Like the undead creature which gives the genre its name, it seems that no matter what happens nothing can keep the zombie movie from rising again and again.
Following on from the early 2000’s obsession with ghouls hankering for human flesh, the last half of this decade has seen the rotten corpses of the dead rise once again to menace Millenials.
From the spotty Walking Dead to the wonderful Train to Busan it seems you can’t move without bumping into a zombie show or movie of some kind.
So with so many zombies surrounding the metaphorical mall of your life, it’s a good thing we’ve got Netflix about to pick out the best of the slightly bloated genre.
Their most recent film of choice is the rather wonderful Ravenous, originally titled Les affamés, which is available on Netflix in the UK now.
The film, like all the best zombie films, brings its own unique twist pitting the residents of a small town in rural Quebec against zombie-like creatures who are super sensitive to sound.
The film’s been praised by critics as wildly funny and super scary so basically the perfect combination for a zombie movie. It also boasts an impressive 90 per cent on Rotten Tomatoes.
Ravenous won the Toronto International Film Festival Award for Best Canadian Film and has been nominated for five Canadian Screen Awards, including Best Motion Picture.
2018’s shaping up to be a great year for fans of the walking dead and horror with at least three major zombie movies coming that we just can’t wait for.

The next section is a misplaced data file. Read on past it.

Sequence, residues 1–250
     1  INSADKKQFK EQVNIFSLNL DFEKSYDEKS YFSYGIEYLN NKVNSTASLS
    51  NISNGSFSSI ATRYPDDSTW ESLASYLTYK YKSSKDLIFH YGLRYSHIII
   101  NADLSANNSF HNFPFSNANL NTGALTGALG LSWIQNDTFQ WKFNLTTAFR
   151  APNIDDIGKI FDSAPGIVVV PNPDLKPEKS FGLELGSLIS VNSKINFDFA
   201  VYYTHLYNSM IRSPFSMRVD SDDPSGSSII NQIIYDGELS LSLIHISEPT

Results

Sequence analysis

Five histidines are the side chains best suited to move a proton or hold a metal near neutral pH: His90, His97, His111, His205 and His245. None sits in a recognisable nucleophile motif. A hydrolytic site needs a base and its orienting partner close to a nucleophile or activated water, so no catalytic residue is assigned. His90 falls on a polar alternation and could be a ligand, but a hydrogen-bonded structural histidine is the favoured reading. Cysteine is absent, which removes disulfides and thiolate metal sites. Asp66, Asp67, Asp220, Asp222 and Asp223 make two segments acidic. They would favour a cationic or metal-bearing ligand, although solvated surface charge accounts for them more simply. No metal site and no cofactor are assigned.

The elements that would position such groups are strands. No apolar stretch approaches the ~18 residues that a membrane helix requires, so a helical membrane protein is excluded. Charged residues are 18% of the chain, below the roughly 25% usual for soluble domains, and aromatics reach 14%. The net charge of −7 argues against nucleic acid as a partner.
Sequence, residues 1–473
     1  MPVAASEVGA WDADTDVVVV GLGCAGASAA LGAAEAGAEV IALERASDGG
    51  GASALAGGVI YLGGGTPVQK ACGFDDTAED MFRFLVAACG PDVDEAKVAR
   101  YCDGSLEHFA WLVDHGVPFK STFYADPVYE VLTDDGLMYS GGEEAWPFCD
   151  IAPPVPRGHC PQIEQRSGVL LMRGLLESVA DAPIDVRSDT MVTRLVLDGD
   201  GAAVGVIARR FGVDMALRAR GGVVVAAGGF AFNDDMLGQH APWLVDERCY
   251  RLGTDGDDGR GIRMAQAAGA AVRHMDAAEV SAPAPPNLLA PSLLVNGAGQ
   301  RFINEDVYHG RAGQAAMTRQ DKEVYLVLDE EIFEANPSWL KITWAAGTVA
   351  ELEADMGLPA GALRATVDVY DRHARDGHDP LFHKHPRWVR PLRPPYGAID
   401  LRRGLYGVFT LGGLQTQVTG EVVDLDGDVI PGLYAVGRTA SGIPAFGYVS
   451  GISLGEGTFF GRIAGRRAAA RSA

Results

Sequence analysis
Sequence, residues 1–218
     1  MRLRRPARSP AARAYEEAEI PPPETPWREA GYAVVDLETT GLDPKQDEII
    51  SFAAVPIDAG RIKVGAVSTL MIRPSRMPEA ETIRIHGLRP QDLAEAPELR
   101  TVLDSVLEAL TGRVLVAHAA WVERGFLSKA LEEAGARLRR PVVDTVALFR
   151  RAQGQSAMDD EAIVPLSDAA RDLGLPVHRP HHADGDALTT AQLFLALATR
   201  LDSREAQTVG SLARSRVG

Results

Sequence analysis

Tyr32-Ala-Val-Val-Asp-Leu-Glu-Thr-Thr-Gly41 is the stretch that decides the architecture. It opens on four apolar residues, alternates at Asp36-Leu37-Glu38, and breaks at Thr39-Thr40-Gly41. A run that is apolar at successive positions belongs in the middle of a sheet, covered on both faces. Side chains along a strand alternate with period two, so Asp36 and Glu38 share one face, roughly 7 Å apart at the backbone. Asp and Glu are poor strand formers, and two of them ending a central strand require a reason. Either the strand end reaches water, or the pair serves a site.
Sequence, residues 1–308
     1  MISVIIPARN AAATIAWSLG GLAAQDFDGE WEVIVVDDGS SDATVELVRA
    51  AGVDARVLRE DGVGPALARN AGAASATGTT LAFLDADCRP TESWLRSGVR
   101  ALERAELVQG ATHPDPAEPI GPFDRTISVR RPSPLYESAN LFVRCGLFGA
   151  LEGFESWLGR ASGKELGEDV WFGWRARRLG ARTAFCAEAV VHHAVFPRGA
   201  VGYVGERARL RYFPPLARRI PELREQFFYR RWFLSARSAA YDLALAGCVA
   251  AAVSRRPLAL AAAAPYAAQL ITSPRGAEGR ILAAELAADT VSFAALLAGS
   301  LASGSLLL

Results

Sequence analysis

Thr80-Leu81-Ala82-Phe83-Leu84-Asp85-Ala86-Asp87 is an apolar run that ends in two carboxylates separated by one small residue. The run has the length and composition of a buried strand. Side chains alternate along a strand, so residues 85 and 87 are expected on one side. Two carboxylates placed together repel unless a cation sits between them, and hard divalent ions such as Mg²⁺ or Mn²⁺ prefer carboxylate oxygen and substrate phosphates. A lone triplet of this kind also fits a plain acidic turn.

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First up we’ve got Ellen Page’s The Cured, which will see recently cured zombies trying to reintegrate with society.
Then there’s Martin Freeman’s Cargo a film which sees an emotional father stranded in rural Australia with only 48 hours to find a new home for his baby girl before he’s transformed by a violent plague.
Finally, we’re excited for Patient Zero, starring Matt Smith as a man who during an undead apocalypse is gifted the ability to speak the zombies’ language which he uses to help the last survivors on a hunt for Patient Zero and a cure.
More of a concept than a journalist, Tom Percival was forged in the bowels of Salford University from which he emerged grasping a Masters in journalism.
Since then his rise has been described by himself as ‘meteoric’ rising to the esteemed rank of Social Editor at UNILAD as well as working at the BBC, Manchester Evening News, and ITV.
He credits his success to three core techniques, name repetition, personality mirroring, and never breaking off a handshake.